parent burnout/caregiver stress

Discussion in 'The Watercooler' started by dreamer, Jan 30, 2007.

  1. dreamer

    dreamer New Member

    Parents with special needs kids face huge levels of stress and burnout----

    caregiver stress was a HUGE topic in the nursing school I went to, the entire first semester of classes was about care of self.
    We had to take these surveys and they were supposedly an indicator/prediction of possible poor health falling upon you.
    I took one of the surveys and scored well over 600. Alas not very long after, my RA hit so hard I was bedridden for quite a long time.
    I knew the people who put this site together, and I shared those surveys from my nursing class with them to put on their site.

    https://web.archive.org/web/20081103220953/http://www.bpinfo.net/caregiver_stress1.htm
     
  2. dreamer

    dreamer New Member

  3. dreamer

    dreamer New Member

  4. Liahona

    Liahona Active Member

    Thanks these are interesting. I took the life stress test right after my divorce and scored so high I should've been comatose. I'm still here plugging away. lol
     
  5. pepperidge

    pepperidge New Member

    Dreamer

    thanks so much for posting this. I found the first article on the stress test stuff very interesting. and the bodysoul one very good in terms of addressing all the different ways one can deal with stress.

    I am wondering for those of you that have some help from someone(therapists?) addressing the stress issue. What do they do that you find most helpful? I guess I am thinking for myself that I try to do at least some of what is recommended (exercise, etc), but there doesn't seem to be anyone in my life that helps me affirm how stressful this all is and helps me deal with it. (MOstly I get from my parenting counselor discussions of what problems I am having with the kids and how i could handle things differently). I wonder how important it would be to have that affirmation, how to get it, whether it has helped any of you. I am thinking that maybe "traditional" therapists may not be the best people to help...

    Don't know whether that makes any sense. Insomnia is one of my big reactions to all the stress and I am very weary...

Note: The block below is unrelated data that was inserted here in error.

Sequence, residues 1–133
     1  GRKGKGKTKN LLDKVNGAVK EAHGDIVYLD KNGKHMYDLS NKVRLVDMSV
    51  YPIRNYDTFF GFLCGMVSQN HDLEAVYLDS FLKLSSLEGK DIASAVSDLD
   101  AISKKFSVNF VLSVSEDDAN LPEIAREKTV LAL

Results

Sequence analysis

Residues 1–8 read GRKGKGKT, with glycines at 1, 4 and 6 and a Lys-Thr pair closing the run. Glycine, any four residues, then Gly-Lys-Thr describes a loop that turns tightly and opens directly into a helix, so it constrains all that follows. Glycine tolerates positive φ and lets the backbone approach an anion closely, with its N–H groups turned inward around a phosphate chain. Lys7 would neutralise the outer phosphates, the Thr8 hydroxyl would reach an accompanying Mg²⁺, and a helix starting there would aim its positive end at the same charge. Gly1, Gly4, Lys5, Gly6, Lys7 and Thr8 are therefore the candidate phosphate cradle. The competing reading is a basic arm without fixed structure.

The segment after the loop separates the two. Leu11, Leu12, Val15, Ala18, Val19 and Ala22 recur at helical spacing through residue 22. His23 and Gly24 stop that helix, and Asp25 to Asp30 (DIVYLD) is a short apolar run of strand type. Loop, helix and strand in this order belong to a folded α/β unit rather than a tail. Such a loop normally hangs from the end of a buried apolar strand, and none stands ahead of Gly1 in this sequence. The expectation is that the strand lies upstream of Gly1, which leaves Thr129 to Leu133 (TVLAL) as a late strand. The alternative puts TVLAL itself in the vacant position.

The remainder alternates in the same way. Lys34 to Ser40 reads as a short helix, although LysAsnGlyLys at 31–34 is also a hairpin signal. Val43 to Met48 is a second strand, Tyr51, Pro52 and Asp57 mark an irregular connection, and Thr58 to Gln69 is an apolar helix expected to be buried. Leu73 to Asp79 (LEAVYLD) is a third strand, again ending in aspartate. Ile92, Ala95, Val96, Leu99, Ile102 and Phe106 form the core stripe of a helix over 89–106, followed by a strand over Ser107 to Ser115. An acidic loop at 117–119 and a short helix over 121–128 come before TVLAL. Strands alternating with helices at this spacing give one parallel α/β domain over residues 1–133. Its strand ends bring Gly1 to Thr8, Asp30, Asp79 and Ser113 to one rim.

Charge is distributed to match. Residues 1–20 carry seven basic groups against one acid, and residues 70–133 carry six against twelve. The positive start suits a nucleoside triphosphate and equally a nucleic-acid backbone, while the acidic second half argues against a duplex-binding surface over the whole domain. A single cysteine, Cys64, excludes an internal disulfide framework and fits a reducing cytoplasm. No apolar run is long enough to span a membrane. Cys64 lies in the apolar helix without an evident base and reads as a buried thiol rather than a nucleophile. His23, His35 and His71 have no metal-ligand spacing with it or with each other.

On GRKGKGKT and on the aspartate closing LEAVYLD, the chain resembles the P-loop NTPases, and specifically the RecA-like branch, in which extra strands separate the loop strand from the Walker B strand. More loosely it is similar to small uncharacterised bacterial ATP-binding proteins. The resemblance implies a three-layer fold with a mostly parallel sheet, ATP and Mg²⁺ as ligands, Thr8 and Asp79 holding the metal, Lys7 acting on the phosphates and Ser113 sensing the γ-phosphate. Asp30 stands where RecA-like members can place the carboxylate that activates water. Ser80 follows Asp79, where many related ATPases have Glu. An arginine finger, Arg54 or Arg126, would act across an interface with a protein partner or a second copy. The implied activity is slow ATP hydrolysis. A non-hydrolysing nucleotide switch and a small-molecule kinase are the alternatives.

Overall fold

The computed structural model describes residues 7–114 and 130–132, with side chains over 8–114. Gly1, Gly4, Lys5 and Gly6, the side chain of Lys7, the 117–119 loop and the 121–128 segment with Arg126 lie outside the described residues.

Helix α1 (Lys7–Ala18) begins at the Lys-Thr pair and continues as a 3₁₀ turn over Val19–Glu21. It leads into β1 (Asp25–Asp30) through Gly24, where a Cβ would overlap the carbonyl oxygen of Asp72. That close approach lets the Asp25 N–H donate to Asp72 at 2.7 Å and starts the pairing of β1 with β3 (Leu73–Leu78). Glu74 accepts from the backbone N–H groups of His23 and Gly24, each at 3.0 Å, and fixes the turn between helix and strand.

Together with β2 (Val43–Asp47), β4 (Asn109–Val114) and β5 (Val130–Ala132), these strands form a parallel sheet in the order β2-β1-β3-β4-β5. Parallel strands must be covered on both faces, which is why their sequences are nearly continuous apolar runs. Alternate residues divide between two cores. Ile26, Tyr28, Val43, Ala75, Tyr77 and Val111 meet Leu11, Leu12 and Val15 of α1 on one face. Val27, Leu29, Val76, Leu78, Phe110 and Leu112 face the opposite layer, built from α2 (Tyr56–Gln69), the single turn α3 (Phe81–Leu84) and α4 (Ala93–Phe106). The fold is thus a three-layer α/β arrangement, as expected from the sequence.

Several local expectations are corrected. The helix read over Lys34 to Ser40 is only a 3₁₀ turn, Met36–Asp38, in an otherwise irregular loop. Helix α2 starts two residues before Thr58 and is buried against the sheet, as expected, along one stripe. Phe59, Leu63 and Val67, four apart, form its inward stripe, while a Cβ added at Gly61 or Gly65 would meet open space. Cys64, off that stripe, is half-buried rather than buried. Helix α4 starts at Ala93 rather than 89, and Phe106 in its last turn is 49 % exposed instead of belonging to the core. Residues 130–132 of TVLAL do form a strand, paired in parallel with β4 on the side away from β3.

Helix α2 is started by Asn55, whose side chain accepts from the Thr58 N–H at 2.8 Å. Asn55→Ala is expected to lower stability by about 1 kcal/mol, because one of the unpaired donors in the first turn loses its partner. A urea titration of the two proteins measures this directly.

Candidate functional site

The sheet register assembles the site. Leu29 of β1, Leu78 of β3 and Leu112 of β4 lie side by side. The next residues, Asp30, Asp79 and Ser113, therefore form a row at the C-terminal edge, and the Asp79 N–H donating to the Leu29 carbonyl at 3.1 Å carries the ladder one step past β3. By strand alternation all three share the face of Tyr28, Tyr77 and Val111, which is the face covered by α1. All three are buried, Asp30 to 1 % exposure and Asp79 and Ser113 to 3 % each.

6. OTE

    OTE Active Member

    I'm just going to take a sleeping pill and go to bed now having been up all night again. Yes, insomnia is a problem for many of us.

    I find the affirmation here, on the board. No one else really understands except other parents so I don't bother. Having said that, some social worker and therapist types who have been with us a long time see the toll it has taken on me and understand to some extent. When they have been to mtg after mtg, court hearings, etc for years with you, when they have spent hours trying to get your difficult child to see sense, been to the psychiatrist with you,... they get as frustrated with the whole thing (and with your difficult child) as you do so they do understand. But how many are with you for that long? In the end, even though I know they have some clue, it doesn't really help much. One other note, it also helps them understand if they are parents.

    I haven't done any specific anti-stress work with a counselor. I have talked to my therapist about which techniques I'm using and whether or not those could use improvement. Personally I think taking some kind of yoga class, aerobics class meditation class or whatever would be more helpful. My DBT group does do a couple moments of meditation at the beginning and end of each class. Again, not very helpful but interesting in that each time it's done differently.

    As non-difficult child understanding people have said to me when I comment on my stress.."we all have stress" or "we all have family problems". So I do think the best thing you can do is to focus on your stress reduction techniques rather than pursue the affirmation which will come in time.
     
  7. ScentofCedar

    ScentofCedar New Member

    I have had therapists suggest specific things that I found very helpful.

    Meditation is something you can do today, and that will help. The deep breathing that is done in meditation works because it signals our bodies that everything is fine. This changes the chemicals circulating in our bloodstreams, which in turn calms the mind. When you meditate, you learn to disregard your own thoughts. That is key to permanent change. We can learn to look at our anxiety dispassionately.

    Try sitting quietly with your eyes closed or slightly open ~ either way, it doesn't matter. Set a timer for five minutes. All you need to do is sit there and not think. Concentrate on your breath, on breathing in, deeply and slowly, and on breathing out again ~ deeply and slowly.

    Whatever thoughts come up, tell yourself you will think of them, later.

    If they refuse to go away, jot them down on a piece of paper you set up beside yourself before you begin.

    If you try it and it helps, increase the time to ten minutes a week from now.

    Anything we do to help ourselves is an indication that we are ready to change the way our lives are going.

    I wish you well.

    Suz, from PE, told me to read The Serenity Prayer until I got it. I did that, and it worked ~ especially when I was too worried to sleep. It helped me, to say it again and again, in the dark.

    Here it is, for you.

    I hope it as as helpful for you as it was for me.

    *************************************

    GOD GRANT ME THE SERENITY TO ACCEPT THE THINGS I CANNOT CHANGE
    THE COURAGE TO CHANGE THE THINGS I CAN
    AND THE WISDOM TO KNOW THE DIFFERENCE.

    **************************************

    Barbara
     
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